Liver Detox Genes – CYP2C19

Liver DetoxGenesThis is part of an ongoing series of posts about the CYP450 enzymes and detoxification.

The CYP2C19 enzymes are responsible for the breakdown of several popular drugs including some proton pump inhibitors (Prilosec, Nexium, Prevacid), anti-epileptics, and antiplatelet drugs (Plavix). There is a list on the Wikipedia page for CYP2D19.  CYP2C19 is also involved in activating and breaking down some hormones such as progesterone.

There are polymorphisms of CYP2C19 that cause some people to be poor metabolizers and some to be fast metabolizers of these drugs.   Approximately 10 – 20% of Asians are poor metabolizers, as are 2 – 5% of people of Caucasian descent.  I’ve included the more common polymorphisms below, but you can also check on SNPedia for more information on rare mutations.

Check your 23andMe results for rs4244285:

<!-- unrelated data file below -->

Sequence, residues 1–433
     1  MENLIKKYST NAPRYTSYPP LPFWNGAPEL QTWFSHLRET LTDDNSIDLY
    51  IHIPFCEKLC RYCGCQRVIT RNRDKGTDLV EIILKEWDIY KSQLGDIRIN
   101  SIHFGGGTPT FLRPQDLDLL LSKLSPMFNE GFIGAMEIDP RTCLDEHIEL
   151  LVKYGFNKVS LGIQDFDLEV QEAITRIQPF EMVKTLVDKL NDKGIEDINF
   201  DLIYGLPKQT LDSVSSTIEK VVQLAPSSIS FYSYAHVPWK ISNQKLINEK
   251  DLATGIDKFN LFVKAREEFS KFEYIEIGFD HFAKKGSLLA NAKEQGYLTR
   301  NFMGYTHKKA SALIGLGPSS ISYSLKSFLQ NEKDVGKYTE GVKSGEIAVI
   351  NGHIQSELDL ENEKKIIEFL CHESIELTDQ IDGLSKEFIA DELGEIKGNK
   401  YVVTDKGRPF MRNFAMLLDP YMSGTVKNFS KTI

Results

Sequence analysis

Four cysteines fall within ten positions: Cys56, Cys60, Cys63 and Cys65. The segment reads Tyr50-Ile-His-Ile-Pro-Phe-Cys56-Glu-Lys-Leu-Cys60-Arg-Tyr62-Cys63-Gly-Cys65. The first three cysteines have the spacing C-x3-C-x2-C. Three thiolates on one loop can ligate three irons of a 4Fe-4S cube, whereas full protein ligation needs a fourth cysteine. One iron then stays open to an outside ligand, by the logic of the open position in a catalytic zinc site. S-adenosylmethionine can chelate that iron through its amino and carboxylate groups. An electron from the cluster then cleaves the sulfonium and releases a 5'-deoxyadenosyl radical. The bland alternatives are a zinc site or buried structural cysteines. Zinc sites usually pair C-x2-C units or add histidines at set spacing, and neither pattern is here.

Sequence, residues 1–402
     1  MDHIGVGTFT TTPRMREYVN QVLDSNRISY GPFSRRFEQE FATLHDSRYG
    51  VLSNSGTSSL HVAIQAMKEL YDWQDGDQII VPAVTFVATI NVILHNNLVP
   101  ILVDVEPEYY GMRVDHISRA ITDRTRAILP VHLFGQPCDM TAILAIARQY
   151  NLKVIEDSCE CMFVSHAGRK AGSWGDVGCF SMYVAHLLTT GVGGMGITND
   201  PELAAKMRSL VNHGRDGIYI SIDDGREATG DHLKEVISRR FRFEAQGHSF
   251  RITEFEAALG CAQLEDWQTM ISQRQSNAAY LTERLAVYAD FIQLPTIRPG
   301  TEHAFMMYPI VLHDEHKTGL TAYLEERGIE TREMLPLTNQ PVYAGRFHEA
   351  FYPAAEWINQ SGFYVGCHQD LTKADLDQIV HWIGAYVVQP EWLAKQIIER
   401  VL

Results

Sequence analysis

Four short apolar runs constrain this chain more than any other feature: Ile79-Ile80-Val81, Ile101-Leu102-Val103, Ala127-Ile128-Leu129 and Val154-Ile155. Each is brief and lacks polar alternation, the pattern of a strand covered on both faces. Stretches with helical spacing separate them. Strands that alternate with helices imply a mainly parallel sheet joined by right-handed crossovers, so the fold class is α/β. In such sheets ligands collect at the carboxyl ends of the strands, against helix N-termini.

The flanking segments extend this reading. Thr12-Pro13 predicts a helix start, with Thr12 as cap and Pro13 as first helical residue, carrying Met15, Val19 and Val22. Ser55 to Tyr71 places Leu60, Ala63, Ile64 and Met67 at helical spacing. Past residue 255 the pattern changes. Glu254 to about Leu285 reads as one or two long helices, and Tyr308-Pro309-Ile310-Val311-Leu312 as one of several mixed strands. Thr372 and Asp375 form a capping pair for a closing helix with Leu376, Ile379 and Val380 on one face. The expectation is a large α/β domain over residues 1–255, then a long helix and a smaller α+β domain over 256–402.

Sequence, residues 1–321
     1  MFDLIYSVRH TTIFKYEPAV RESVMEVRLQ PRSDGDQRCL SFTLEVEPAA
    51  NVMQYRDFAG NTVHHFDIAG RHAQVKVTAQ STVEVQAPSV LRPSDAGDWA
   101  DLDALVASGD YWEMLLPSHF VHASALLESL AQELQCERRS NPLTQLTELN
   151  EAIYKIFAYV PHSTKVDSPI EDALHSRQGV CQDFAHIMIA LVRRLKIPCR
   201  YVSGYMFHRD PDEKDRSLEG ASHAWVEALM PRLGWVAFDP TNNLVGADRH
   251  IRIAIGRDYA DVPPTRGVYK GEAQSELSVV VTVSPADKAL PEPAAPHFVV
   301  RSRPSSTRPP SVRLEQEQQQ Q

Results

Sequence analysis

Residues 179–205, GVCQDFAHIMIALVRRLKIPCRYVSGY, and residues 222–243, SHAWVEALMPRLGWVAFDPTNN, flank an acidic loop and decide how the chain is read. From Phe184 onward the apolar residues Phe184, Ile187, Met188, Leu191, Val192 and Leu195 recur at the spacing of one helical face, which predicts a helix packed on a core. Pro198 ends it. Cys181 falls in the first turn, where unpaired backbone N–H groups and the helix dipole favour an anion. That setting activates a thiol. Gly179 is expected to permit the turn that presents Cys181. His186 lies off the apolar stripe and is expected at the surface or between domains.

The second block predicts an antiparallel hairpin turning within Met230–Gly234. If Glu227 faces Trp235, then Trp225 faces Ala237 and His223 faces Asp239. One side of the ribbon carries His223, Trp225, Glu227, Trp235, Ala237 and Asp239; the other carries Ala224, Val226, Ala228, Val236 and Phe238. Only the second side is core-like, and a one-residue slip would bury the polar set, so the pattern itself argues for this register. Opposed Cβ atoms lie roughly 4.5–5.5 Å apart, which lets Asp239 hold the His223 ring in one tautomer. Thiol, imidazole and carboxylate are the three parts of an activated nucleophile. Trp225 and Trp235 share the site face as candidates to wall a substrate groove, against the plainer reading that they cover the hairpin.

•  AA:  non-functioning, known as CYP2C19*2
  •  AG :   poorer metabolizer
  •  GG:  Normal    [ref]

 

Check your 23andMe results for rs4986893:

  •  AA: poor metabolizer, known as CYP2C19*3
  •  AG :   slow metabolizer
  •  GG:  Normal    [ref]

 

Check your 23andMe results for rs12248560:

    •  CC: normal
    •  CT : ultrafast metabolizer, CYP2C19*17, more likely to benefit from tamoxifen treatment
    •  TT: ultrafast metabolizer, CYP2C19*17 , more likely to benefit from tamoxifen treatment [ref]

OK, so now that you know that you are either a normal, poor, or extensive metabolizer of drugs affected by CYP2C19, what do you do with this knowledge?  Talk to your doctor if you are taking anything that is affected by this gene.

So for a person not on any drugs, what does the CYP2C19 gene do?   It is involved (minor) in metabolizing melatonin.  [ref] and is also involved in the metabolism of progesterone.

More to come in the next few weeks on the CYP450 polymorphisms.

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